Date of Award
Master of Arts
Jose D. Villalobos
This work examines the existence and extent of polarization in the American electorate as a contemporary phenomenon based in hyper-partisan or “tribal” identity rather than as arising out of a more conventional ideological framework. This approach allows for the bypassing of more conventional questions such as the meaning of “liberal” or “conservative” or “in virtue of what is someone a liberal/conservative?”, and instead allows acceptance of a respondent’s ideological or partisan self-identification as a convenient label which does not require a monolithic set of political beliefs for its basis, although the prior or subsequent adoption of such a set of beliefs is not precluded. This framework’s major advantage is its parsimonious explanation of the contemporary American political environment, especially at the macropolitical level. It includes a contribution to the literature through the development of ideological and partisan indicators based in attitudes rather than issue preferences and proposes improvements to the currently used methods of placing and determining ideological attitudes. It cannot resolve the differences between approaches such as behavioralism and institutionalism as the act of adopting an identity is an individual behavior per se, which occurs within an institutional setting that limits the set of policies which can be preferred and the set of identities which can be adopted or ascribed. It does, however, allow these disparate approaches to coexist. This framework is in many ways an a priori construct and should be viewed as a broad outline for future work rather than a complete theoretical model. It defines critical terms and concepts, examines arguments for and critiques of ideologically grounded explanations before outlining and demonstrating the partisan identity framework. It uses survey data from ANES and other sources to compare the explanatory power of the differing approaches, discusses the implications of those analyses, identifies unanswered questions, outlines the direction of future inquiry, and concludes.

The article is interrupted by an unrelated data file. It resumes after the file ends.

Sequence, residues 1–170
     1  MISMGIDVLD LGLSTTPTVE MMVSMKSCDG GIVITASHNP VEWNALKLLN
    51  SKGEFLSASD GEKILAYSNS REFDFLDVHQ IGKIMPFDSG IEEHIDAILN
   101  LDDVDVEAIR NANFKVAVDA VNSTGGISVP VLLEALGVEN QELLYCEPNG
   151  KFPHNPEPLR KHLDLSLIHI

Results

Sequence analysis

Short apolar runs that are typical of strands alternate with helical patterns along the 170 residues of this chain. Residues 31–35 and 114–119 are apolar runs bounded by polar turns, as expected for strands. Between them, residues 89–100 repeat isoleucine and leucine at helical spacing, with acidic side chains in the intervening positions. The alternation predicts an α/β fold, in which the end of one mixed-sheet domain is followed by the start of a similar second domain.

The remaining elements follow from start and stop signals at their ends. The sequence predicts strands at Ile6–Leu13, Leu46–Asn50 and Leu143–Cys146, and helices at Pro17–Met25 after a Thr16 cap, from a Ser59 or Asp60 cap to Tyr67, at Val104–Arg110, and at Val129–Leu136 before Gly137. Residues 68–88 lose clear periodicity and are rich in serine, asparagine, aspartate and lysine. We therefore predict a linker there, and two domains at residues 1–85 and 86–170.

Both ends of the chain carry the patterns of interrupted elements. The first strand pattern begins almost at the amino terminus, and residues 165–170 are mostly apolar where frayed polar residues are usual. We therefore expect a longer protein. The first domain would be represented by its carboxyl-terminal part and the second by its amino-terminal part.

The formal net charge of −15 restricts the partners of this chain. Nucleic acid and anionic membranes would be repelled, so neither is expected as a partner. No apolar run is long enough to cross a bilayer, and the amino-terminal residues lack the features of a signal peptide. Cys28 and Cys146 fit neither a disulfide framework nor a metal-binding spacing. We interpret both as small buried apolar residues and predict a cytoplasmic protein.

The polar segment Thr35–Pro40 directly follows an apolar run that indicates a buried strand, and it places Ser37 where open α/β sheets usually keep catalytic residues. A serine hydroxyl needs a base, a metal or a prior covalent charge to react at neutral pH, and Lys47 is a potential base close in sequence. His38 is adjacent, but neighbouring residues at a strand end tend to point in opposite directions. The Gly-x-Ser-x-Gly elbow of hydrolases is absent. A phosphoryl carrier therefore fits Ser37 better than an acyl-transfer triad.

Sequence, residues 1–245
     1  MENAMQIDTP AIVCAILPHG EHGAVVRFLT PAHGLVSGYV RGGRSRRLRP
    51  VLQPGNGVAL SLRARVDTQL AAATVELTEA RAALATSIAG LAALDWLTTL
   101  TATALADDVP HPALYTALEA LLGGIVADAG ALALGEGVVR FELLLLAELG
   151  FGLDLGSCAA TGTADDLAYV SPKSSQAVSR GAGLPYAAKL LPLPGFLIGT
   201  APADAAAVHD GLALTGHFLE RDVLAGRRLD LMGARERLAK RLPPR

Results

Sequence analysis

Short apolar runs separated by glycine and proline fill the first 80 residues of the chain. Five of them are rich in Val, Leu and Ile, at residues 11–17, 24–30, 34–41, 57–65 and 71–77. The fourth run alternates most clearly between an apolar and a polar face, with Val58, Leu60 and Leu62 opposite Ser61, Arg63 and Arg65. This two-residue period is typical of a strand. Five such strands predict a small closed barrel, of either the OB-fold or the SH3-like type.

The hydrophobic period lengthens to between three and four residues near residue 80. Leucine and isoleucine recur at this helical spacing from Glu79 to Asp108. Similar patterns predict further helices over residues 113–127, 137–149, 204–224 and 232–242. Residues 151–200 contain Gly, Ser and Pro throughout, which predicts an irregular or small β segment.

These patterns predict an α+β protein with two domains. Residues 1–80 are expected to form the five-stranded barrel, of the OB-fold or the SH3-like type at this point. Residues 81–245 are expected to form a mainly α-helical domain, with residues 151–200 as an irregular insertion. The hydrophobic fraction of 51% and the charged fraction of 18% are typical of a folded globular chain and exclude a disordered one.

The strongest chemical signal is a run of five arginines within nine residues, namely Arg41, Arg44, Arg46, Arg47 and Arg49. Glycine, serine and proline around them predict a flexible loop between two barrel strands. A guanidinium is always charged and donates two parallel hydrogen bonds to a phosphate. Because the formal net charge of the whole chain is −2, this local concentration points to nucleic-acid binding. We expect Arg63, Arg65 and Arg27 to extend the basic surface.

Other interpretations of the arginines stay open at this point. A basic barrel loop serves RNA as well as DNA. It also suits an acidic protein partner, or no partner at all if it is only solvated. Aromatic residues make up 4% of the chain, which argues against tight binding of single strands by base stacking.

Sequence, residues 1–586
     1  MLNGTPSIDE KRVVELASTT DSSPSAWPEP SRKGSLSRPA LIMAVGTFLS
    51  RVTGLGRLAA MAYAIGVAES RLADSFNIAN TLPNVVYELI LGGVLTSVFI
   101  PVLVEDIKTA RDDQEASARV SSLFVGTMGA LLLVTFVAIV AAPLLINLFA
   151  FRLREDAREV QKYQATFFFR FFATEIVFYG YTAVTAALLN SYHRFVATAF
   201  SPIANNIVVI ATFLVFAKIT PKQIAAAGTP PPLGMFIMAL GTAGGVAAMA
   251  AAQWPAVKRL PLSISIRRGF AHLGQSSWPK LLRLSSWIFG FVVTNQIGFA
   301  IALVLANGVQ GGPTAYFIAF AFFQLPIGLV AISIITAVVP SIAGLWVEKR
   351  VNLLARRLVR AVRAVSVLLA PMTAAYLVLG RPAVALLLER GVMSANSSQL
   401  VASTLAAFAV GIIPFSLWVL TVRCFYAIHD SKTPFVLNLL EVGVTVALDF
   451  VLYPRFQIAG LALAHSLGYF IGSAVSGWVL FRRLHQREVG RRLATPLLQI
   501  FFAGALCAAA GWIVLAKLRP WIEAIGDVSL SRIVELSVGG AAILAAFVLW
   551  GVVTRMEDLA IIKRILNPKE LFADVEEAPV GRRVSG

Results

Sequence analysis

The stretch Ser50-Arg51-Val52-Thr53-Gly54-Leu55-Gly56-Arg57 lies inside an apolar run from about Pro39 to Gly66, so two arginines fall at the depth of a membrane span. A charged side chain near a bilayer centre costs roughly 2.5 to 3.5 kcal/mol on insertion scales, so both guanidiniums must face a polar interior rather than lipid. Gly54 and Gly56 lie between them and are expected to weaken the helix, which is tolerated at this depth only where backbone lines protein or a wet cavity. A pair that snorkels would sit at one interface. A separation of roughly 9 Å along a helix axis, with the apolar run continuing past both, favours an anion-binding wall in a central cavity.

Received from ProQuest
Stinson, Mark, "Partisanship as Identity: the Hype, the Myth, and the Reality of Polarization in the American Electorate" (2019). Open Access Theses & Dissertations. 3124.